Dexter, for example, despite having become (in its later years) more of a vehicle for profit than for moral inquisition, is much more than a cop show. It's a story that requires viewers to take a hard look at how "right" and "wrong" are defined, and encourages them to consider the intrinsic relativism of morality and the language we use to describe it

The Bridge is another show that goes miles deeper than simple entertainment. Using the characteristic hyper-realism of so-called Nordic noir, the series' first season asks complicated questions about the nature and usefulness of both written and unwritten rules. The fact that it still manages to entertain while accomplishing these things is what makes it endure - what makes it art...at least in my opinion. 

Anyway, tomorrow should be interesting, and I'll include some things I learn in part two of this post. 


Sunday, August 21, 2016

Pedaling Paradise

In Helsinki, riding a bike is a way of life. 
I love it. 

Between the 1,200 kilometers of dedicated bike paths and the affordable, user-friendly public transit system (of which bicycles are a part), I've barely noticed that I don't have a car. Of course, I can't deny that knowing some people who do have a car has come in very handy on several occasions. 



It took me a couple of months in the city to get used to seeing bicycles everywhere. 





Back home in Athens, Georgia, public officials and city planners seem to think that posting a few "Share The Road" signs makes a town bicycle-friendly, but the people in Athens who actually pedal for transportation know it's not true. 

The bicycle culture here is a far cry from that. Rarely is there a need to bike on the road within the city, and when there is it's almost always within a clearly marked, safely wide bicycle lane. There's plenty of room for bicycling on most sidewalks, which typically feature one designated side for cyclists and one for pedestrians. 




There seems to be a bicycle for every person in the city, if not two. 









Every apartment building has its own storage shed or room for bikes, and it's rare to walk 100 meters between bike racks. 







The coolest thing is that here, it doesn't matter if your bike is "cool" or "fancy" or anything else. 





And another thing? 



Custom bikes are all the rage...



...like this one, specially designed for a person with extremely short arms.



Sweet dog cart, bro.

In fact, I rarely see high-dollar bikes around town. Most people are riding simple machines with 7 or fewer gears, scratched paint, goofy bells, and makeshift accessories. Once or twice a week I'll get passed by a senior citizen on a single-speed, 1970's looking city bike, which is always fun.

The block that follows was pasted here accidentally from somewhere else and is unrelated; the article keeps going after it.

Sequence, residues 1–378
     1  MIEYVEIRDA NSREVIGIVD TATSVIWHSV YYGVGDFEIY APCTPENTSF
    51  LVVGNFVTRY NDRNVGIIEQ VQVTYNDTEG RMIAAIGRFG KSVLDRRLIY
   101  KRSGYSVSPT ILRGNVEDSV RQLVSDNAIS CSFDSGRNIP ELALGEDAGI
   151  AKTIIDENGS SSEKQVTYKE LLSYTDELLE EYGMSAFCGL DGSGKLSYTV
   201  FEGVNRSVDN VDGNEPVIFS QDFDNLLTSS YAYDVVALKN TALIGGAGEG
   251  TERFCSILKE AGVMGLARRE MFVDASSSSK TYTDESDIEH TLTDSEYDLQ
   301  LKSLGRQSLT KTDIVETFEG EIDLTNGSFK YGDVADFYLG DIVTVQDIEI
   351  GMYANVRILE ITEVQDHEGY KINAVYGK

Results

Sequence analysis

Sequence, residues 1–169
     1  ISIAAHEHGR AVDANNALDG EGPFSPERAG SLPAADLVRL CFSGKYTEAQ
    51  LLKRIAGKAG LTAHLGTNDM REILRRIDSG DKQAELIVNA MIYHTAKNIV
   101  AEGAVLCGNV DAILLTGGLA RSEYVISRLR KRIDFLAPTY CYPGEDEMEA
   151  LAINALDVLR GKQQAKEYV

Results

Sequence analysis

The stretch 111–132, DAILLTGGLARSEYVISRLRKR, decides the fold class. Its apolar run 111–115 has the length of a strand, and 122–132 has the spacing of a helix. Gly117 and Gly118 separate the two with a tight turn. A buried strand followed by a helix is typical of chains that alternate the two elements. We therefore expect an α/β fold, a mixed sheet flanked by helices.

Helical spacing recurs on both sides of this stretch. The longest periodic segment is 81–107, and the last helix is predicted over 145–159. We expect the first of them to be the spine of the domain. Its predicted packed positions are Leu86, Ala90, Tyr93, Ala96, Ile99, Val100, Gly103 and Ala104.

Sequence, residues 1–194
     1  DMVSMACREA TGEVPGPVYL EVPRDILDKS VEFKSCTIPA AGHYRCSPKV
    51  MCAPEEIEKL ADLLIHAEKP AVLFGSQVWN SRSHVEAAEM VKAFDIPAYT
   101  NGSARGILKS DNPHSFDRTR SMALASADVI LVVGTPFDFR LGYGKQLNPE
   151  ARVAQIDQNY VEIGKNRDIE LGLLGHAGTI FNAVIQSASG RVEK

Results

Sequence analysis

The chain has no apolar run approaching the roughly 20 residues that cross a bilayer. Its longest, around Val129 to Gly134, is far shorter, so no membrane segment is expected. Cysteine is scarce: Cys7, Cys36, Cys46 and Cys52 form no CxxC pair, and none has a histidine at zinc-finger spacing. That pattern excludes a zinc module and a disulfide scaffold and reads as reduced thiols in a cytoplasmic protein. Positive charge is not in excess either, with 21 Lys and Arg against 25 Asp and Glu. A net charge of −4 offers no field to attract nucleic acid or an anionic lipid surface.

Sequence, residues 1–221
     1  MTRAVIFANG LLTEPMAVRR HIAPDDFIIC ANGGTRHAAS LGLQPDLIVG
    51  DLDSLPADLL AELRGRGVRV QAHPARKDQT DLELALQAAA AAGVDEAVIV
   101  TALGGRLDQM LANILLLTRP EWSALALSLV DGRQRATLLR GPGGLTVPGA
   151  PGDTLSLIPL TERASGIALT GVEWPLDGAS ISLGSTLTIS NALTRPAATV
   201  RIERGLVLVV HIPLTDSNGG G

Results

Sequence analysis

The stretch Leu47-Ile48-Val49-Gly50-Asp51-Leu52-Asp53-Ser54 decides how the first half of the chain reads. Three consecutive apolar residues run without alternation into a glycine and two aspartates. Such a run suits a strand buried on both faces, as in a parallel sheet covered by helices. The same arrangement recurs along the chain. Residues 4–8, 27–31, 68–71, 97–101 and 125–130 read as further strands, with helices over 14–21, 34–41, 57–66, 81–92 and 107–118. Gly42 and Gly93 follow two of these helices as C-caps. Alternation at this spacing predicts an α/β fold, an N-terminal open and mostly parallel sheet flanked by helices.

I've still got a lot of bicycle-related things to look forward to here in Finland, like biking in the winter, riding in a summer bicycle parade, and grinding it out in the Tour de Helsinki. 

By the way, is this what bicycling in the snow will look like? 

 

Sunday, August 7, 2016

How Do You Like Finland So Far?

Almost every single Finnish person that I meet takes up the same line of conversation. 

First, they say "How do you like Finland so far?" in those exact words. Not "What do you think of Finland," or "How is Finland treating you," but always "How do you like Finland so far?" 
Why is it significant that they choose those specific words? I have no idea,  I just think it's interesting. 

I usually reply to that question with "Great," which, of course, doesn't make any grammatical sense, but how would I know that? I never claimed to know English, I just speak it. In fact, my wife is easily twice as familiar with English grammar as I am, and she's Finnish! 
But that's how it goes...

I usually amend my automatic one-word reply with some specific thing I like about Finland, (which in turn is usually ignored), making way for the second act of these seemingly scripted conversations.

So, it goes 

Finnish person: "How do you like Finland so far?"

Person that is me: "Great! Blah blah blah..."

Finnish person [laughing*]: "Just wait until the winter."

Person that is me: "Wow! Never expected you to bring that up - what a surprise!"

Okay, so I don't say that. That would be mean and totally unnecessary. But does it make me a bad person to admit that it's pretty close to what I'm thinking? (Hint: that's rhetorical.) 

* - Finnish people don't laugh that much - so when I say laugh, I mean laugh on the inside, which shows in their eyes

I mean, they have a completely valid point - winters in Finland are long, cooold and dark. But it's also a pretty obvious point. I mean, who moves across the world without knowing at least some basic facts about where they are going? Yes, we can agree; winters in Finland are not winters in Athens, Georgia. But will they make me "dislike" Finland? Nah. No chance. They might make me wish I was wealthy enough to winter in Spain, but not dislike Finland. 

Don't get me wrong, though - I'm not trying to be contemptuous or anything of the like. Au contraire, I appreciate the effort at conversation from people who have a reputation as non-conversationalists, and more than anything, I find the pattern funny. It's almost like it's in the Finnish genes. 

Speaking of genes, I recently ran across some information that made Rita's choice to pursue a master's degree in genetics-related biology seem like a twist of fate. The population of Finland, it turns out, has such a homogeneous genetic code that its rate of rare genetic disorders is disproportionately high. 

Naturally, this makes Finland a breeding ground (if you will) for genetic scientists and genetic research. Quite a few of the most respected genetics researchers Earth-wide are actually from Finland, and the University of Helsinki is widely regarded as one of the best research institutions on the planet. How interesting is that? Super interesting, Ryan, super interesting...